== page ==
South Lebanon: Al-Jamaah al-Islamiyah’s Involvement in The Fighting Via Al-Fajr Force Operatives

On March 27, the IDF attacked a building in the Sunni village of Al-Habariya, which is located on the western slopes of Har Dov, south of Hasbaya. The attack was launched against a squad of operatives from the Al-Fajr Forces, the military wing of Lebanon’s Al-Jama’ah al-Islamiyah movement, who were preparing to carry out terrorist attacks against Israel in the immediate future, apparently through an on-foot infiltration into Israeli territory in the Har Dov area.

The airstrike killed seven operatives. Some of the killed operatives had been active in recent anti-Israel activities. According to the Al-Jama’ah al-Islamiyah movement, the Israeli attack targeted an “ambulance center” in the village, killing seven individuals…

Above: The structure damaged in the attack in the village of Al-Habariya (March 27)

Seven additional organizations, in conjunction with Hezbollah, operate against Israel from south Lebanon, with operatives carrying out rocket launches, anti-tank missile launches, attempted foot infiltrations, and so on. One of these organizations is the Jama’ah al-Islamiyah.

Al-Jama’ah al-Islamiyah in Lebanon:

Al-Jama’ah al-Islamiyah is a Lebanese branch of the Muslim Brotherhood movement with global reach. Muhammad Takush, the Lebanese branch’s secretary general, was chosen in 2022. With the Arab Spring, the movement began official political action in Lebanon, and Imad al-Huth, a member of the Lebanese parliament, now represents it.

Al-Jamaah al-Islamiyah represents a sizable portion of Lebanese Sunnis and is the second-largest Sunni movement after the Future Movement, led by Saad Hariri. Its presence is particularly noticeable during religious and political rallies, as well as the settling of sectarian disputes within Lebanon.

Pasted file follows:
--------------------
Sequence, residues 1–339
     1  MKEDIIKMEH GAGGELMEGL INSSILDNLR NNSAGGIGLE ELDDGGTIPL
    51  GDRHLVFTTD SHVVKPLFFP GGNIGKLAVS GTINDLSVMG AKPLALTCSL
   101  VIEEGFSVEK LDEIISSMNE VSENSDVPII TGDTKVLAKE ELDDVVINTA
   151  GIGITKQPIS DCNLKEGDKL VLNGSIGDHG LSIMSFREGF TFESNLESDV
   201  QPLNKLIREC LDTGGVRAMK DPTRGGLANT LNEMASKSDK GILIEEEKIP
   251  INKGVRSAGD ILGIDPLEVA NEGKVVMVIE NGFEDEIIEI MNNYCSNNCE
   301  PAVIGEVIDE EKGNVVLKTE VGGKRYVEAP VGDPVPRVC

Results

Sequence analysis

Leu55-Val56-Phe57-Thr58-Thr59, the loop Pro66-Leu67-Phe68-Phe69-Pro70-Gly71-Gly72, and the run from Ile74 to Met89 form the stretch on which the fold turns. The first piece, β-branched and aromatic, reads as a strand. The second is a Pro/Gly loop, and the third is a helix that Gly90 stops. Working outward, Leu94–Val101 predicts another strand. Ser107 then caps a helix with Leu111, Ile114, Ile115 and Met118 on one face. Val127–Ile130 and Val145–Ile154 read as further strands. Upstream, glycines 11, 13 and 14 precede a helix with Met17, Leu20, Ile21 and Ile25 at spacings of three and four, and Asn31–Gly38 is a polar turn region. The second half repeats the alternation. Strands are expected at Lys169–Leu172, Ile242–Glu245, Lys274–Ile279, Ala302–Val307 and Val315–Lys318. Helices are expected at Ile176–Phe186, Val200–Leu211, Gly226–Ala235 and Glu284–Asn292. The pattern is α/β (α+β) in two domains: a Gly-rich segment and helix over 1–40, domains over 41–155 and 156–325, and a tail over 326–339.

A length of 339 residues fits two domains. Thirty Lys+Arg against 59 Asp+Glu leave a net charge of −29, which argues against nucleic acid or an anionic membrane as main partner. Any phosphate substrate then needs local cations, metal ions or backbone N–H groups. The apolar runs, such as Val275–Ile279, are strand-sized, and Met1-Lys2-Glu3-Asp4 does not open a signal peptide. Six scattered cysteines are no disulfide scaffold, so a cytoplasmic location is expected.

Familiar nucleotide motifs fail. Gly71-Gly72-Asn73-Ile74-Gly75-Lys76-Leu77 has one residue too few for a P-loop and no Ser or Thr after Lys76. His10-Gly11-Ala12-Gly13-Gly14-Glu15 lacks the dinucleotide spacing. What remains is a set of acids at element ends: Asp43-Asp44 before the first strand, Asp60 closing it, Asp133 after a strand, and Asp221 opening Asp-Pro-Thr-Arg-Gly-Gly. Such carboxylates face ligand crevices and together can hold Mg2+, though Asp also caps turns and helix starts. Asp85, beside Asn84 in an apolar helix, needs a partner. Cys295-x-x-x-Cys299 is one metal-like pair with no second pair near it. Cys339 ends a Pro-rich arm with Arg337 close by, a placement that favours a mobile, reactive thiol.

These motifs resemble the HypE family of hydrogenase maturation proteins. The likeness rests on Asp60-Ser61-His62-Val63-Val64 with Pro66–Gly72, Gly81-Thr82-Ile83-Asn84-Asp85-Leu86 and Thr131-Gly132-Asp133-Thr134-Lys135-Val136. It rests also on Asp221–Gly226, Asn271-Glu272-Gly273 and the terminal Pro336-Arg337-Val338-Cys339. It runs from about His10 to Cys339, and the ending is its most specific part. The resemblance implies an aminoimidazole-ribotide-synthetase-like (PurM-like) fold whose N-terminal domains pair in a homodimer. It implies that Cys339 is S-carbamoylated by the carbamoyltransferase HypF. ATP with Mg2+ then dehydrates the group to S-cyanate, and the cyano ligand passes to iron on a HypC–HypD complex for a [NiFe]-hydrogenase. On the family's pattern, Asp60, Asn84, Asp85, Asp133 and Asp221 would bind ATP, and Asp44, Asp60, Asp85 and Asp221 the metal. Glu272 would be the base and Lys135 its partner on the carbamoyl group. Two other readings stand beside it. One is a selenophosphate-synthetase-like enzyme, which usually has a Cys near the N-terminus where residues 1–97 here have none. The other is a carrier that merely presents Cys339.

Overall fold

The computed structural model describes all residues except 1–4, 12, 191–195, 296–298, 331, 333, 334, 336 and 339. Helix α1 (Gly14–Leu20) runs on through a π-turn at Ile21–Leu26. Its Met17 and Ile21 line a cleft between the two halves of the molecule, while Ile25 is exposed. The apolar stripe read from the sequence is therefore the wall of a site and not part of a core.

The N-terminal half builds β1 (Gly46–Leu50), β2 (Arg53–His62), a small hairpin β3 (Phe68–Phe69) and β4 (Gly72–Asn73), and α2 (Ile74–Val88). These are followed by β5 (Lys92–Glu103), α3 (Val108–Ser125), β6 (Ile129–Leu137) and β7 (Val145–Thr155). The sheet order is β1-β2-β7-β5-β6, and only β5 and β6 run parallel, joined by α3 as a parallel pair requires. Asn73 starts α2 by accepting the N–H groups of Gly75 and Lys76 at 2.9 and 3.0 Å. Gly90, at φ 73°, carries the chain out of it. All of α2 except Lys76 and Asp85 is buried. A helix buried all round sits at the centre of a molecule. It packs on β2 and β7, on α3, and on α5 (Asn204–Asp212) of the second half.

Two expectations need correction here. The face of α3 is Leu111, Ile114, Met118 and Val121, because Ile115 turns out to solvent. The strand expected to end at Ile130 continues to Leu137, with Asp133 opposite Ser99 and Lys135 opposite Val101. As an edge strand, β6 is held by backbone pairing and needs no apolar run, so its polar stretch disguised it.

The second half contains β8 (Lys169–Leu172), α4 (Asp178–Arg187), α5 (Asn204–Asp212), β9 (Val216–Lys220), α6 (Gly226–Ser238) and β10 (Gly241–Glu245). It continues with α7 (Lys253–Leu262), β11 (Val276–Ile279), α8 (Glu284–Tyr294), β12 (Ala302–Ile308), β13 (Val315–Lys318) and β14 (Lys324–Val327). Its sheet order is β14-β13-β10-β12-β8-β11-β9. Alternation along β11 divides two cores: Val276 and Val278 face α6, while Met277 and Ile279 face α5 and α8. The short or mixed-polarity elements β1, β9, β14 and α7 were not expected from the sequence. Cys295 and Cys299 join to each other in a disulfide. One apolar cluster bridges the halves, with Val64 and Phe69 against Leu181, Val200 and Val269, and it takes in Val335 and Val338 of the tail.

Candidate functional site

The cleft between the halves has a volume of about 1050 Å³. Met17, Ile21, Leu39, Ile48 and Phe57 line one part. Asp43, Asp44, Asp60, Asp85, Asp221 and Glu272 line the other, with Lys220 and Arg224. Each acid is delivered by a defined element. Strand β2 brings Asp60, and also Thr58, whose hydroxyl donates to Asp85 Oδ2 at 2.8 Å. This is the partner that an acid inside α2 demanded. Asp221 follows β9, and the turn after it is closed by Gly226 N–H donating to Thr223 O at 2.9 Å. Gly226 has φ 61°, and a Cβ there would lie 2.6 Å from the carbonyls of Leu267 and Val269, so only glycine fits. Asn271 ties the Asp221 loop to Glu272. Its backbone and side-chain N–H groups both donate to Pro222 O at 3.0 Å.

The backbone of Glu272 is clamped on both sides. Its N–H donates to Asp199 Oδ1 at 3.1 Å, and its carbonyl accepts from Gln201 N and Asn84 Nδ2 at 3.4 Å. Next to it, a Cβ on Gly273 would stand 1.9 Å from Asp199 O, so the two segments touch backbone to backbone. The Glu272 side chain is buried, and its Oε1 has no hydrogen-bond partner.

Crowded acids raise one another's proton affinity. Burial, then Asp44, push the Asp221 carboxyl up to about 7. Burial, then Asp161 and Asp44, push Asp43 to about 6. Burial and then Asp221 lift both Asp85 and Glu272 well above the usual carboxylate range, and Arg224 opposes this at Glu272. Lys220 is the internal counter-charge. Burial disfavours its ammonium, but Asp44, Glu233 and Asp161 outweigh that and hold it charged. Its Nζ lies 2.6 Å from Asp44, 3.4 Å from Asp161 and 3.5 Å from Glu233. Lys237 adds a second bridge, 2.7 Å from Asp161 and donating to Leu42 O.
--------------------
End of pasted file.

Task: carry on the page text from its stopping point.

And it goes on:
The movement’s offices are located in the same building that houses Hamas’ headquarters in Lebanon. The “Araf Center”, is a six-story building located in the northern part of Sidon.

Hamas has excessive influence on Al-Jamaah al-Islamiyah, numerous of its operatives receive an allowance through Hamas’ charity and humanitarian organization networks throughout Lebanon. The movement consists of 2 political factions: one, is loyal to Turkey and Qatar, while the other is intent on an alliance with Hezbollah and the “Resistance Axis”. Hezbollah on its part, supported and fueled this conflict, in order to strengthen its alliance with Hamas, specifically since the internal elections within Al-Jamaah al-Islamiyah in August 2021 led to the empowering of the faction supporting the  “Resistance Axis”, particularly Salah Aruri (who was eliminated) who “fixed” the Jamaah al-Islamiyah internal elections, strengthening the coordination with Hezbollah.